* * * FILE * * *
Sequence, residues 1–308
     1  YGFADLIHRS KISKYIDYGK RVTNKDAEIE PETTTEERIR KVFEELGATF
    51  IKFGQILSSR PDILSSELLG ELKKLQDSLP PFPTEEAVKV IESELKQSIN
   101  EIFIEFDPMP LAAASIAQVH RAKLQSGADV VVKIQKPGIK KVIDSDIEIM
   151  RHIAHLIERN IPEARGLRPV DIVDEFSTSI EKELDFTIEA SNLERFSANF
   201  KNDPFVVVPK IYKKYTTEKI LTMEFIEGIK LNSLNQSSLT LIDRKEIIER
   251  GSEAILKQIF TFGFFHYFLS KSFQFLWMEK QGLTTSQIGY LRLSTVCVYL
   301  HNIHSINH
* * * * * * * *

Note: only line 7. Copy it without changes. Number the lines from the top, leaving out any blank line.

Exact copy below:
   251  GSEAILKQIF TFGFFHYFLS KSFQFLWMEK QGLTTSQIGY LRLSTVCVYL